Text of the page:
All Star Tennis '99 © 1999 Ubi Soft.
This Pak generally plays like a sim, although 120 mph serves and an option to litter the court with Wiley Coyote-ish bombs certainly liven things up. There are three difficulty levels and plenty of realistic grunts from the athletes, Oohs from the crowd and Quiet please exhortations from the line judge - who, incidentally, never makes a bad call.
All Star Tennis '99 boasts eight stars:
There are also four fictional players, including two women sporting microminiskirts that would make Ally McBeal blush. All players will have six basic shots, including slams, lobs and drop shots, and each will have two special shots, such as Michael Chang's vicious two-handed backhand.
The bodies are nicely proportioned, but greater detail would have been nice. With no more than four characters appearing simultaneously, it's not as if the mighty N64 CPU has to push tons of polygons around the screen. The motion-capture moves are generally smooth.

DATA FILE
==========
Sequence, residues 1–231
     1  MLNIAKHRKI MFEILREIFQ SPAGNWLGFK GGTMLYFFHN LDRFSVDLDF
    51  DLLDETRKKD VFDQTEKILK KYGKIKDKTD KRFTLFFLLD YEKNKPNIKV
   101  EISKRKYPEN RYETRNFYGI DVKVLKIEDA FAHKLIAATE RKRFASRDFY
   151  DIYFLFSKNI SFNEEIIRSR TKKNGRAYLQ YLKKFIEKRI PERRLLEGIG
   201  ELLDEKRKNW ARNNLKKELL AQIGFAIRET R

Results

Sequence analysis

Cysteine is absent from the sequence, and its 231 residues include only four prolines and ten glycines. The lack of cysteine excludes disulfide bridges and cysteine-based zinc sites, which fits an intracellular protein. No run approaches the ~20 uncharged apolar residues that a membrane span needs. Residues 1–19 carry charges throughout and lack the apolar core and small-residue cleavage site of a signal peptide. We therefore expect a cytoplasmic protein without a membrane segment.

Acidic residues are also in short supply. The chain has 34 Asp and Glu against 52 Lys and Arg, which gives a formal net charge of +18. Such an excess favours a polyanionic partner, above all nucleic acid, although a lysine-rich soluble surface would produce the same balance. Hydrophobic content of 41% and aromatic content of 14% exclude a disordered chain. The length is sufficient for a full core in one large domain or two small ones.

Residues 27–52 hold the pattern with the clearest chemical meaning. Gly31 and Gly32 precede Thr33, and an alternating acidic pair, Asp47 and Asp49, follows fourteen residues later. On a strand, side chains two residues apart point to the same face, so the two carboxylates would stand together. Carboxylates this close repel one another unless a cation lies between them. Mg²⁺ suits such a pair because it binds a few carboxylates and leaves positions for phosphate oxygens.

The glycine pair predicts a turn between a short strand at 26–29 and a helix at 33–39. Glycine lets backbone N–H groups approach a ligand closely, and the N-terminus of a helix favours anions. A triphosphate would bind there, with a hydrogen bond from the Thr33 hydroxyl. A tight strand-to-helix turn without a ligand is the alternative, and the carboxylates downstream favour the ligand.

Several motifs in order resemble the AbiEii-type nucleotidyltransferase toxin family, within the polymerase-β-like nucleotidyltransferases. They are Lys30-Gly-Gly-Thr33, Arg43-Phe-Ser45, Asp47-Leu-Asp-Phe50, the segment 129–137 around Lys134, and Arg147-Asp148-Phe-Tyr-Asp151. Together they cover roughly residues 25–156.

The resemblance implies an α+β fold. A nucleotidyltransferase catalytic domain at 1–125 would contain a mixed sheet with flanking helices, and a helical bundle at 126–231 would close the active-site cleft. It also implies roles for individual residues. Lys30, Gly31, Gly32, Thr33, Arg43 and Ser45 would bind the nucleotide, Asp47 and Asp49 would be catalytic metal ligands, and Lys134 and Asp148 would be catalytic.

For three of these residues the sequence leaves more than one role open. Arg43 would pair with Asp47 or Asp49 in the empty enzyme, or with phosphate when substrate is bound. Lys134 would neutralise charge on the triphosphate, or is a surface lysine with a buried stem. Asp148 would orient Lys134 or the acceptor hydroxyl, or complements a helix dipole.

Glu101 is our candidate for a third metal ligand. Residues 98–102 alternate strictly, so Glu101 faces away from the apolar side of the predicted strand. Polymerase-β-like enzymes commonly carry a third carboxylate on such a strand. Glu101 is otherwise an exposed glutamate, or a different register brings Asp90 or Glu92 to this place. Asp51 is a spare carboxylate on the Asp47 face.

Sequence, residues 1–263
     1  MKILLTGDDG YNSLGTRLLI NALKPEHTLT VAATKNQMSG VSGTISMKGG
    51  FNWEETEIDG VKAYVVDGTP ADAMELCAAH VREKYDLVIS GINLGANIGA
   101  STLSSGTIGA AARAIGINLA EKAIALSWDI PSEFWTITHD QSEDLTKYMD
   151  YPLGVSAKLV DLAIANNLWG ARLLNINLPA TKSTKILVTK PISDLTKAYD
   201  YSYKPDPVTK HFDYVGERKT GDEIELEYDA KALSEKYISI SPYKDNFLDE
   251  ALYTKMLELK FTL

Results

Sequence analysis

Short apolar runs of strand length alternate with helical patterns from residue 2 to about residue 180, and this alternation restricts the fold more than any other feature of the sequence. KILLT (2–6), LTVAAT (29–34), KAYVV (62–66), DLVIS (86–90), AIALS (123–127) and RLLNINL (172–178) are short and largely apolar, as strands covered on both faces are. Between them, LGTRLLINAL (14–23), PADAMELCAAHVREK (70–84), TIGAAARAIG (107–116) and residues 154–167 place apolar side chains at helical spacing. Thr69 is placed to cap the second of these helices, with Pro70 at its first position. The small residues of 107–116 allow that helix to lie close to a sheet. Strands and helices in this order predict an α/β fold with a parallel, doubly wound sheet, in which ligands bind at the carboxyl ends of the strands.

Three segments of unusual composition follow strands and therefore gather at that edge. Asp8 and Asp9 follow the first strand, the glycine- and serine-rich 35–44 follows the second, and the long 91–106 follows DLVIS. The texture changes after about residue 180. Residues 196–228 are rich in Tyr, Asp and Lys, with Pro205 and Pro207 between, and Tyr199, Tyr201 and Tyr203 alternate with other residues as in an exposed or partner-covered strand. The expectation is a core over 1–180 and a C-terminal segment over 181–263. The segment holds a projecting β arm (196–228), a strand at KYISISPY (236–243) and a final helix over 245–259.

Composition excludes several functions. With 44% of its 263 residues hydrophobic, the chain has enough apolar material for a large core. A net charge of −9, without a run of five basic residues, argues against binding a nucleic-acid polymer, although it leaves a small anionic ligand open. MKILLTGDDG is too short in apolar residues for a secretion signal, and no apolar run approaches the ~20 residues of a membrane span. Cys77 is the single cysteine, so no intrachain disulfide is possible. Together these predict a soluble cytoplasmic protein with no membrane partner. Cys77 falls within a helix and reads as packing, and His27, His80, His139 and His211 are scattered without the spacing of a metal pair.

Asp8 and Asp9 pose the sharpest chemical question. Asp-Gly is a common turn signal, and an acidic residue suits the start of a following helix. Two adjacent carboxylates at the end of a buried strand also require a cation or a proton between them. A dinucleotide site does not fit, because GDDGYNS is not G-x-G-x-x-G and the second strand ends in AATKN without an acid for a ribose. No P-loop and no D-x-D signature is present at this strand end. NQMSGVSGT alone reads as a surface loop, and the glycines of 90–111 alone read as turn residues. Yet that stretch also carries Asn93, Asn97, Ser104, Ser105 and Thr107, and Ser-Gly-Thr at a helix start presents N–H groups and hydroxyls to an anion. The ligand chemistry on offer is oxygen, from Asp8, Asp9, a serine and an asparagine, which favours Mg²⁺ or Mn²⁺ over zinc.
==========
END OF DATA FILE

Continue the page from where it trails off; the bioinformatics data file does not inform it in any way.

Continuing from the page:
Clearly aimed at an international audience - the screen text comes in five languages - All Star Tennis travels to eight exotic courts around the world:
Although publisher Ubi Soft did not secure licenses for actual tournaments, the UK's grass court is clearly modeled on Wimbledon. In fanciful contrast, the hard Greek court looks like it's nestled in the ruins of an ancient theater.
The players are evenly balanced, so pitting a woman against a man makes for a competitive match. Besides exhibition matches, All Star Tennis will allow as many as eight players to compete in a singles tournament.
Bomb Tennis drops a short-fused bomb wherever the ball hits. If an athlete runs across it or stands nearby when it goes off - boom! Despite the zany props, Bomb Tennis is a lot less arcade-like than you might think. The athletes' skills are unchanged, so the tactics shift subtly to avoiding certain parts of the court while trying to coax your rival towards bombs your shots have left.